Sequelae (Late Effects)

ICD-10 gives you the opportunity to report residual conditions that occur after an acute phase of an illness is over. Use sequelae codes (previously known as late effects) to give a more accurate description of a patient’s health status.

Example: Reporting hemiplegia following non-traumatic subarachnoid hemorrhage, affecting right dominant side (I69.051), instead of unspecified hemiplegia, affecting right dominate side (G81.91).

Status Codes

Status codes are both informative and can affect the course of treatment and outcomes. We depend on the help of our provider partners to document and report the following, when applicable to a patient, in a face-to-face encounter at least once each calendar year:

  • Amputations (Z89.0-Z89.9)
  • Ostomies (Z93.0-Z93.9)
  • Dialysis status (Z99.2)
  • Respirator dependence (Z99.11)
  • Alcohol dependence in remission (F10.21)
  • Drug dependence (F19.20)

Active vs. History of Cancer

Active cancer codes (C00-D49) support a present malignancy or one previously excised, yet treatment is ongoing through adjuvant therapy, like Lupron for prostate cancer.

Active cancer documentation should state:

  • Active cancer, receiving ongoing treatment
  • Active cancer, patient declines treatment
  • No evidence of active cancer and receiving adjuvant therapy

Personal history of cancer codes (Z85.00-Z85.89) support that a patient’s malignancy no longer exists. This code series also supports that a patient is not receiving active or adjuvant treatment, but that the cancer has the potential for recurrence and requires continued monitoring and surveillance.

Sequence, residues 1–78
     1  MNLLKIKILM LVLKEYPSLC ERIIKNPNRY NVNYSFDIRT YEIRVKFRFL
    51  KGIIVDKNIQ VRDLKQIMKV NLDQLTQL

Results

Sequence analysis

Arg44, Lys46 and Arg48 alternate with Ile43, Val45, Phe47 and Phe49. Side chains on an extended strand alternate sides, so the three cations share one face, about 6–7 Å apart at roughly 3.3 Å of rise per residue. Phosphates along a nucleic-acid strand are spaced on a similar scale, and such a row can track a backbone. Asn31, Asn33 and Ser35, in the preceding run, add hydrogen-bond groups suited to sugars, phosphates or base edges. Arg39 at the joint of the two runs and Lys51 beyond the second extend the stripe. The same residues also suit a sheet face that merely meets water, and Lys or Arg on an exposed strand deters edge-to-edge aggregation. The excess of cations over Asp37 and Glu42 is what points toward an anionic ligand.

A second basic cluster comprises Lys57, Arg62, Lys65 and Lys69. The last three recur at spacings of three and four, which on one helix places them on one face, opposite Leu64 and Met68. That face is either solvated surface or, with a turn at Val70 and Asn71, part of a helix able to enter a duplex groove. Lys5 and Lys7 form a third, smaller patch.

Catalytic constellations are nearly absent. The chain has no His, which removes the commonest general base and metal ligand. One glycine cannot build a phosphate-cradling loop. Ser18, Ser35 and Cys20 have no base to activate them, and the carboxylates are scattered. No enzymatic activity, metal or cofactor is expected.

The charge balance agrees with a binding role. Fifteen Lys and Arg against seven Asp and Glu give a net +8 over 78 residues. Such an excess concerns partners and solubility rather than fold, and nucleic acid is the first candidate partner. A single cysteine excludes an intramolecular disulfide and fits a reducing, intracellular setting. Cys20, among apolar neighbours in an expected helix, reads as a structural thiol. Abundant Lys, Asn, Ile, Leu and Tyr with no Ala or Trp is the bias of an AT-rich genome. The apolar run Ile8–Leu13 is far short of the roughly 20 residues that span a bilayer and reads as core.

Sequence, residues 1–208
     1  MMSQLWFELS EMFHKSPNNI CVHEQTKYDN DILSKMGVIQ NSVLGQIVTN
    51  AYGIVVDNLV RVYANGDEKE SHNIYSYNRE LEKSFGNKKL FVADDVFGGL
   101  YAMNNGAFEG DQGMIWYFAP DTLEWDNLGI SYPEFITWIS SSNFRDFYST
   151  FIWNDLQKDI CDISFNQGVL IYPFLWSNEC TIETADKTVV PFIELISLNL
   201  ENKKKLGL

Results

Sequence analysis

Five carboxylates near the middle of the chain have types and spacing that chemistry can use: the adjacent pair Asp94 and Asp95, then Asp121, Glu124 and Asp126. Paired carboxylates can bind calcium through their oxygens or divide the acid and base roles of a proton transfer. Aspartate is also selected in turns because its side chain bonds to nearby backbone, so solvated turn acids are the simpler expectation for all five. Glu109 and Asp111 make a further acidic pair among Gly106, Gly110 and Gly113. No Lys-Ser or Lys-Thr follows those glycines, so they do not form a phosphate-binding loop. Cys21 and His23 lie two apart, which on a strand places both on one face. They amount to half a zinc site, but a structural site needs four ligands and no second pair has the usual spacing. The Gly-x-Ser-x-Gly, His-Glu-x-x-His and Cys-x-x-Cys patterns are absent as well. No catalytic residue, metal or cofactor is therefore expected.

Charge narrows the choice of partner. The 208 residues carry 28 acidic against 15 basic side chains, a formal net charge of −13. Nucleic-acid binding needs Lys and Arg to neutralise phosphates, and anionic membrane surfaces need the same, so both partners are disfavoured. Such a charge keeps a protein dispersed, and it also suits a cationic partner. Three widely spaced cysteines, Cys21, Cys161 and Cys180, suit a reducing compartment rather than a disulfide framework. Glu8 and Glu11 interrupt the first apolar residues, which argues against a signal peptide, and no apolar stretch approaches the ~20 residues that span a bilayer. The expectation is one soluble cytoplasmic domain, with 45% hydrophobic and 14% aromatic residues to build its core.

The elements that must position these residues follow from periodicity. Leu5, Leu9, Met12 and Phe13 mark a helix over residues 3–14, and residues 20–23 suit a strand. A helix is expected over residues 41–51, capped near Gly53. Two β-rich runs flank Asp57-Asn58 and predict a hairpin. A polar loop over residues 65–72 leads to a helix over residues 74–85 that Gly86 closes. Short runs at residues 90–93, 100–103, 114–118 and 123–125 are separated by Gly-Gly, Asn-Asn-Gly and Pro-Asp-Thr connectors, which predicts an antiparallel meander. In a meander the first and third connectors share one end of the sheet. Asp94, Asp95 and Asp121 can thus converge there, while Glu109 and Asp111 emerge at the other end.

To create an accurate reflection of conditions in documentation, certain elements are required in order to support the diagnosis codes. Auditors from CMS and other governing entities use the acronym M.E.A.T. while looking for correct diagnosis code selection and reporting on encounters.

These elements include:

  • Monitor – Signs, symptoms, disease progression
  • Evaluate – Medications, test results
  • Assess/Address – Counseling, review of records
  • Treat – Medications, therapy

Conditions only listed on a patient’s problem list without associated M.E.A.T. do not meet the requirements for accurate coding and documentation, causing a misrepresentation of the patient’s condition, which keeps us all further away from meeting our goal of being audit proof.


2017, Optum 360 ICD-10-CM Expert for Physicians
2014, AAPC Risk Adjustment Predictive Modeling, Documentation, and Capture of Diagnosis Codes


August 19, 2016

This month, we’re focusing on coding fractures to the highest specificity by defining the types of fractures and reviewing the use of the 7th alpha character in ICD-10 to identify the episode of care.

Types of Fractures Description
Open Fracture Also known as a compound fracture, this is when the bone breaks through the skin.
Closed Fracture Also known as a simple fracture, this is when the bone breaks, but there is no open wound to the skin.
Complete When the bone breaks into 2 or more parts.
Incomplete When the bone cracks, but does not break all the way through.
Stress When the fracture is a hairline crack
Displaced When the bone breaks into 2 or more parts and moves so that the 2 ends are not lined up straight.
Non-Displaced When the bone either cracks or breaks all the way through, but does not move and maintains its proper alignment.